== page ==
You explain your anesthetic technique to Ronan. You describe how you are going to do the interscalene block. You mention that you are going to put a needle in his neck to inject local anesthetic solution and then leave a catheter near the nerve plexus. Ronan is very unhappy about your anesthetic plan. He tells you that he had an unpleasant experience with a nerve block which he had for his knee surgery about 10 years ago. More than the needle, he remembers and worries about electric shocks used by the anesthetist to stimulate and identify the nerves which were very painful and made his limb jerk uncontrollably. Moreover, the block did not work properly and he had to have a general anesthetic, and the postoperative pain was "bad" as well.

How will you explain the advantages of US-guided nerve block to Ronen? You explain to Ronan that using electrical nerve stimulation for identification of individual nerves is probably outdated. Instead, you are going to use high-resolution ultrasound scanner to identify and block the individual nerve roots as they come out of the spinal canal. Advantages of US are the precision with which you can visualize and identify the needle, nerves, blood vessels, and other structures. It helps you to see the local anesthetic spread around the nerves. So there is less chance of any damage to nerves or pleura with the needle and less risk of injecting the local anesthetic into a blood vessel. You would be able to pass the specialized catheter under direct image guidance and leave it close to the nerve plexus for postoperative pain relief. US-guided techniques have higher success rates. The other advantage is that it is least distressing to the patient as he will not be experiencing any of the uncomfortable and painful shocks and muscle jerks.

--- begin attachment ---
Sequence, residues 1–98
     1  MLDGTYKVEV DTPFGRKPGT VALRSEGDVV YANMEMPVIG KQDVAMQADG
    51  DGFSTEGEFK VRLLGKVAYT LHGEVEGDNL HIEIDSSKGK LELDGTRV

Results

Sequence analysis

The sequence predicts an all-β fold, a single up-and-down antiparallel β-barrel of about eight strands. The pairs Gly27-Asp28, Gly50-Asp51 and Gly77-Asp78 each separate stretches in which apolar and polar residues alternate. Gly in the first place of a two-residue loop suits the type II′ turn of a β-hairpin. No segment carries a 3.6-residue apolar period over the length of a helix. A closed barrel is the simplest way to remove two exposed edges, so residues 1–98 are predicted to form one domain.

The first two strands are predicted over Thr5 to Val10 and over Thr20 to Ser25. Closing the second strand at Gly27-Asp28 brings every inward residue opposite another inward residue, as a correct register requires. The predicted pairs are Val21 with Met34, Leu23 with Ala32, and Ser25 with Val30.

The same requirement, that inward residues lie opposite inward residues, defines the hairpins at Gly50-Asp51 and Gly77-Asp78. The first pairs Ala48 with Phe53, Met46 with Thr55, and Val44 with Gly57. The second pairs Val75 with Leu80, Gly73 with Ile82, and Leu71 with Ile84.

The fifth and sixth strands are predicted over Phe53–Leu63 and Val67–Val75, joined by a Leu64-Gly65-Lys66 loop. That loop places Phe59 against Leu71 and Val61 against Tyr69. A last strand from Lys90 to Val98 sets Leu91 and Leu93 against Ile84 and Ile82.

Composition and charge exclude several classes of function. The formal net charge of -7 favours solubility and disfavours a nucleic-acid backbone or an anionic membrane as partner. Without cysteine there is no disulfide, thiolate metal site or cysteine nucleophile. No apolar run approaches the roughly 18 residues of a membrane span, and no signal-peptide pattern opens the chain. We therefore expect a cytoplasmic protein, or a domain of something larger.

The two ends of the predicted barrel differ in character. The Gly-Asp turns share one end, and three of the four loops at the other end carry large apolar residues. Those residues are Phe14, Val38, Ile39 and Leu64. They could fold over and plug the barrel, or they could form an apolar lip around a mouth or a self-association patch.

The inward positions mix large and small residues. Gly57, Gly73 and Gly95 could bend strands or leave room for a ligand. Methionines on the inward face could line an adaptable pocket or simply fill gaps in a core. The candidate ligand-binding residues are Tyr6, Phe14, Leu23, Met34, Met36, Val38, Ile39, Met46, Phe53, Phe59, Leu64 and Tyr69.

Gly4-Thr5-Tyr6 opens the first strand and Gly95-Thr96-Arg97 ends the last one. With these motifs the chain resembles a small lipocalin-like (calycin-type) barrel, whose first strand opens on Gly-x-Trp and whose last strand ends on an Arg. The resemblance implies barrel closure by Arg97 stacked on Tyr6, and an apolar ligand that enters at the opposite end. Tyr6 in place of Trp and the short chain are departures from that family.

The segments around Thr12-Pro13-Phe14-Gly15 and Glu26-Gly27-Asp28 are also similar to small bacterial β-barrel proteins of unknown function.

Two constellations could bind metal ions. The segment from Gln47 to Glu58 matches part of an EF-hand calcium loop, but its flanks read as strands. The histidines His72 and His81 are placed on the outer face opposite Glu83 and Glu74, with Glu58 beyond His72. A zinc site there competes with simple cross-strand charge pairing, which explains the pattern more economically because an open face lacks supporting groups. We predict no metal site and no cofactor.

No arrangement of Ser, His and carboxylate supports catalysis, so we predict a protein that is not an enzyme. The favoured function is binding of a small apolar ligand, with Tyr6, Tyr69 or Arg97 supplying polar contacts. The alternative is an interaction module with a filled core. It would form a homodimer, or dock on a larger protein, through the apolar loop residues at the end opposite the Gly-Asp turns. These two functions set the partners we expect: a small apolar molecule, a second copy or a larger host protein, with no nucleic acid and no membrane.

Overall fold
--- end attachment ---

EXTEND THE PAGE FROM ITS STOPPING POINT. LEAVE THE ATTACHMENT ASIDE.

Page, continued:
You stress the importance of avoiding a general anesthetic and the need for an effective and side effect-free postoperative pain relief so that his recovery is hastened without any respiratory complication due to inadequate pain control. Ronan agrees for an ultrasound-guided interscalene block.

What are the disadvantages of ultrasound-guided nerve block?

Sometimes nerves and tendons may have similar echo patterns making their identification difficult. Bones can cast acoustic shadows under it, obscuring the view of underlying structures. On occasions, abnormal anatomy may confuse the operator. Proficiency in this technique will require training and practice. Moreover, the cost of the equipment such as the ultrasound scanner, specialized echogenic needles, and catheters is another drawback.

How can you overcome these difficulties?

Resolution of ultrasound can be increased by using higher frequency ultrasound waves. Penetration to visualize deeper structures can be increased by using lower frequencies (these two properties are in conflict). Penetration and resolution can be adjusted on the ultrasound machine. Echogenic needles have specialized patterns on their surface, thereby reflecting back the sound waves. One of the techniques to make catheters echogenic is to incorporate tiny air bubbles into them during fabrication, thereby creating air-surface interfaces.

Satisfied with your reasoning and explanation, Ronen undergoes surgery with a successful ultrasound-guided interscalene brachial plexus block. A catheter is passed for continuous infusion of local anesthetic for postoperative analgesia. You administer target-controlled propofol infusion to keep him sedated during the procedure.